Back when the 8800GT was launched, 512MB of video memory is all we needed. To have 2GB, 3GB or 4GB on a video card seemed like overkill. Fast forward several years and those latter capacities are now the norm for anyone spending $100+ on a discrete graphics card. So does an 8GB graphics card seem like overkill today?  When I look at 4K UHD panels slowly entering the market, and the prevalence for high end gamers to run multi-monitor setups, I would postulate that 8GB of video memory is only the start, especially as memory manufacturing and die shrinking continues. To that end, and perhaps to the delight of AMD-based compute, Sapphire showed off two R9 290X models at CeBIT this year to Kitguru, both with 8GB of GDDR5.

First up is the Vapor-X model, featuring a 2.5 slot cooler with three fans in a blue shroud. The second is the Toxic Edition, which to the eye looks identical apart from the yellow coloring.   

Video outputs seem to be a dual DVI, HDMI and DisplayPort. No word on GPU or memory frequencies; however given their branding I would expect the Toxic to be a higher clocked part. For reference, the R9 280X Toxic is at 1100 MHz core (1150 MHz boost), whereas the R9 280X Vapor-X is at 950 MHz core (1070 MHz boost).  Ryan reviewied the R9 280X Toxic at the end of last year - read his review here. These are also set to be limited edition models, pricing and release date as yet unknown but due to the higher memory cost these cards will pack a price premium.   The on/off button at the rear of both of these cards may be their dual VBIOS functionality - if users are in a UEFI environment, this will switch the BIOS to the UEFI mode for faster booting.

It is a shame that these are going to be limited edition cards, as it does offer that bridge between a high end consumer compute card with a lot of memory and the full-blown AMD FirePro branding. Even saying that, the number of FirePro cards with more than 8GB is rather limiting – an S10000 12GB was announced at the end of last year and further down the product stack there are a few 6 GB models.

Source: Kitguru [1,2]

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  • blanarahul - Thursday, March 13, 2014 - link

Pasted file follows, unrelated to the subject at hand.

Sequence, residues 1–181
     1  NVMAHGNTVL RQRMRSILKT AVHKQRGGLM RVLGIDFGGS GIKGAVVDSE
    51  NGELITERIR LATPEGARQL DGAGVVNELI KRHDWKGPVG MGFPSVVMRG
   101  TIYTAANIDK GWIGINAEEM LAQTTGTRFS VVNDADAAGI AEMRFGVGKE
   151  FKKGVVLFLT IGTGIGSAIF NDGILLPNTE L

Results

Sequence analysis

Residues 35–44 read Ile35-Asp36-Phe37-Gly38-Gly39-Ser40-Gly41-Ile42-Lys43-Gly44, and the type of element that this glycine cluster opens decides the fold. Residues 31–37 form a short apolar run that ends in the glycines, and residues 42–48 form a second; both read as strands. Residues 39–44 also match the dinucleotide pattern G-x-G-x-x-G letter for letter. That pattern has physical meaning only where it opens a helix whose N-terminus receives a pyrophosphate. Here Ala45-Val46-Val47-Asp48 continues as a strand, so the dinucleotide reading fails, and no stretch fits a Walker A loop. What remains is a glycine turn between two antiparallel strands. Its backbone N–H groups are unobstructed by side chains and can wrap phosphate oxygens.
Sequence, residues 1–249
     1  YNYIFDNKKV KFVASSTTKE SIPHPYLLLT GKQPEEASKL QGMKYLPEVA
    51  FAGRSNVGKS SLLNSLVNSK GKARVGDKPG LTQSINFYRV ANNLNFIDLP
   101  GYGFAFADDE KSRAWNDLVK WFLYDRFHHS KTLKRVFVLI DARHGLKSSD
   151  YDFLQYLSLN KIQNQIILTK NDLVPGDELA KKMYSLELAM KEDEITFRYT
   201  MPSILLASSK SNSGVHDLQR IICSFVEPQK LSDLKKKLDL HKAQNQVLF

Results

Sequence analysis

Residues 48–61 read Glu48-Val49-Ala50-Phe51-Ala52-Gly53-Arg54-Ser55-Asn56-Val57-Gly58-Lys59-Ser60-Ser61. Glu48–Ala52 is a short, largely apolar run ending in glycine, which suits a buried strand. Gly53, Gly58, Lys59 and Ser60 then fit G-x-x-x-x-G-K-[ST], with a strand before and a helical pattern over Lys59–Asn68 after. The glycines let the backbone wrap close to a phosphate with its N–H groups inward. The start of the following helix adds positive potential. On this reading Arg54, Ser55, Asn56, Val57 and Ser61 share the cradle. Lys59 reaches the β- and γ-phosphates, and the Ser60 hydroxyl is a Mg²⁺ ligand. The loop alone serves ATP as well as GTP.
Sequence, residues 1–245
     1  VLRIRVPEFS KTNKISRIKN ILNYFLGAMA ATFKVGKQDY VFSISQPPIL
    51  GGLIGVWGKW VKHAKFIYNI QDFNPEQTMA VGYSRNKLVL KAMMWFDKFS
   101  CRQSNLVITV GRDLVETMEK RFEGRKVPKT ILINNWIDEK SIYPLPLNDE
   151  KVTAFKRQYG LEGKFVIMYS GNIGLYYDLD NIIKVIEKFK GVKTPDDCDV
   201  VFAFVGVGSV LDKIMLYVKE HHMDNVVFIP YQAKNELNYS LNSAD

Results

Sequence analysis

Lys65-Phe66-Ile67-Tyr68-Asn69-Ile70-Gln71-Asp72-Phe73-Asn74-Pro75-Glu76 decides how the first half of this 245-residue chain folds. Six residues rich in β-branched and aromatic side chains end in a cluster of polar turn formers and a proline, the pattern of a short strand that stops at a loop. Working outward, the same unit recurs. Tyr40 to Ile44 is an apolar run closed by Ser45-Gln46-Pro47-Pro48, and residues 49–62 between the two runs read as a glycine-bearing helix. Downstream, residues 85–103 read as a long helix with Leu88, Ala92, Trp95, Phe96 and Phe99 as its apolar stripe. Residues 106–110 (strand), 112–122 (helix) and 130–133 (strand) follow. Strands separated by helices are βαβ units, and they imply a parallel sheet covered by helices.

Didn't AMD say that Hawaii was a gaming oriented chip?? I mean that's why it has 1/8 FP64 performance. Reply
  • Ian Cutress - Thursday, March 13, 2014 - link

    Some of my compute algorithms are all FP32 - it's not as if all compute demands FP64, though some algorithms obviously do (solving PDEs in small scale). Reply
  • Flunk - Thursday, March 13, 2014 - link

    Most password hashing algorithms, scrypt, stuff like that. Reply
  • Darkstone - Thursday, March 13, 2014 - link

    Most hashing algorithms use integers. Which is apparently the main reason AMD GPU's are preferred over NVIDIA's for such tasks: integer shift/rotate performance. Reply
  • The Von Matrices - Thursday, March 13, 2014 - link

    NVidia's Maxwell architecture now matches AMD's GCN at these operations. Reply
  • npz - Friday, March 14, 2014 - link

    No it does not. It's better than Kepler, but it's still far away Reply
  • npz - Friday, March 14, 2014 - link

    Shift, rotate is part of it. But there are many more integer operations and all of them perform well on GCN. In addition, there is branching performance to consider that practically no one talks about. Reply
  • npz - Friday, March 14, 2014 - link

    Lots of very useful things are still FP32. All the multimedia and 3D rendering is FP32 and integer (h.264 is integer for example). Engineering is still very useful in FP32 so long as you don't need absolute precision or can deal with small rounding errors. Reply
  • Lorthreth - Thursday, March 13, 2014 - link

    Looks like Vapor has single DisplayPort and Toxic has 2 mini-DP. Reply
  • PixyMisa - Friday, March 14, 2014 - link

    Looks like you're right. That's the first 290 card I've seen with two mini-DP. I'm looking at getting a couple of Dell's 4K 24" monitors, so I need two DP outputs. My existing 7950 has that, and my Linux box has a 7770 with two mini-DP, but almost no current-gen cards from either AMD or Nvidia offer this. (Except the workstation cards.) Reply

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